We have found that a transcriptional repressor first defined functionally in our laboratory, NKAP, is absolutely required for the maintenance of the hematopoietic stem cell (HSC) pool. Steady state hematopoiesis is sustained through differentiation balanced with proliferation and self-renewal of HSCs. Disruption of this balance can lead to hematopoietic failure, as in the case of hematopoietic differentiation without self-renewal which leads to the loss of the HSC pool. An understanding of the molecular regulation of HSC maintenance could lead to therapeutic interventions to hasten HSC reconstitution, for example, in bone marrow transplants. In adult mice, inducible deletion of NKAP results in hematopoietic failure and rapid lethality. NKAP deletion results in a complete, cell-intrinsic loss of all HSCs, through a combination of decreased survival and decreased proliferation. Therefore, NKAP is critical for HSC maintenance and survival. To understand the molecular basis for the requirement of NKAP in HSCs, we performed a yeast two hybrid screen, and identified that NKAP associates with the polycomb repressive complex-1 (PRC1) E3 ubiquitin ligase Ring1b. PRC1 is recruited to sites of H3K27 trimethylation, an inhibitory epigenetic mark, leading to monoubiquitination of H2AK119. Mutations in three components of PRC1, Ring1b, Bmi-1, and Rae28, disrupt HSC function, indicating the importance of this pathway for maintaining the HSC pool. In ex vivo short term HSC cultures, loss of NKAP leads to a global and severe downregulation of H2AK119 monoubiquitation, indicating that NKAP is a critical regulator of PRC1 in HSCs. This proposal will focus on elucidating the mechanism of Ring1b/PRC1 regulation by NKAP, and to uncover the molecular basis for the contribution of NKAP to HSC maintenance and survival.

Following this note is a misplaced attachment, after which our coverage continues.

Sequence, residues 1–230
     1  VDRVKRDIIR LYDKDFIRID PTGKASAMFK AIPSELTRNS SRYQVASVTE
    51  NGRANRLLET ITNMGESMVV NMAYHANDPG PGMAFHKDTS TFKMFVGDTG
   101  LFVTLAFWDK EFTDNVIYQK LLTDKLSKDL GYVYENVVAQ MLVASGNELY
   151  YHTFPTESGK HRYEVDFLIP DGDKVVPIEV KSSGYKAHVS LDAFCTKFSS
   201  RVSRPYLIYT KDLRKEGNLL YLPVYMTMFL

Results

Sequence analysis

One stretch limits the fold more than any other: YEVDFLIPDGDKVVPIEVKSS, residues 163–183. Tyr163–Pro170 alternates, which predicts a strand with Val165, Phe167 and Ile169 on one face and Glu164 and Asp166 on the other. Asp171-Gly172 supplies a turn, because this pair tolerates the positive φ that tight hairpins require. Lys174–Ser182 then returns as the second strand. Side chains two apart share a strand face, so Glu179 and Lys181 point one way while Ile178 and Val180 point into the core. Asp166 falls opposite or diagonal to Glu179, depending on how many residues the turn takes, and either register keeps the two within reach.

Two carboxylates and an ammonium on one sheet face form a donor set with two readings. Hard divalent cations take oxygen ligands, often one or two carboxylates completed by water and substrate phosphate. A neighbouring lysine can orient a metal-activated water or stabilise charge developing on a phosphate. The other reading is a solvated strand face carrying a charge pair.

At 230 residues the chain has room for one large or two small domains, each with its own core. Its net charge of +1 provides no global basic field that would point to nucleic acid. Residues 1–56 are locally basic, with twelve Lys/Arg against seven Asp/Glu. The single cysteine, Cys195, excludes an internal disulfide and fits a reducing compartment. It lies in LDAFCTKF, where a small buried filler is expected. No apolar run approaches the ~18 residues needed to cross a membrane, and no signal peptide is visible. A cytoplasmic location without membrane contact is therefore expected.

Specific Aim 1 : Defining the mechanism of regulation of Ring1b/PRC1 function by NKAP Specific Aim 2: Identification of genes downstream of NKAP that are required for HSC maintenance and survival Specific Aim 3: Defining the critical pathways regulated by NKAP in HSCs through identification of the protein-protein domains and associations required for NKAP-mediated regulation of HSC maintenance and survival.
This proposal will explore the molecular mechanisms underlying the obligate role for the transcriptional repressor NKAP in hematopoietic stem cell maintenance and survival. This is directly relevant to human disease, as imbalances in HSC maintenance and survival lead to hematopoietic failure (such as observed in aplastic anemia), resulting in mortality. Similarly, there are circumstances, such as during chemotherapy, where morbidity can be alleviated if the size of the HSC pool can be increased, thus increasing hematopoietic output. Thus, understanding the role of NKAP in HSC maintenance and survival may identify new targets for therapeutic intervention to manipulate the HSC pool.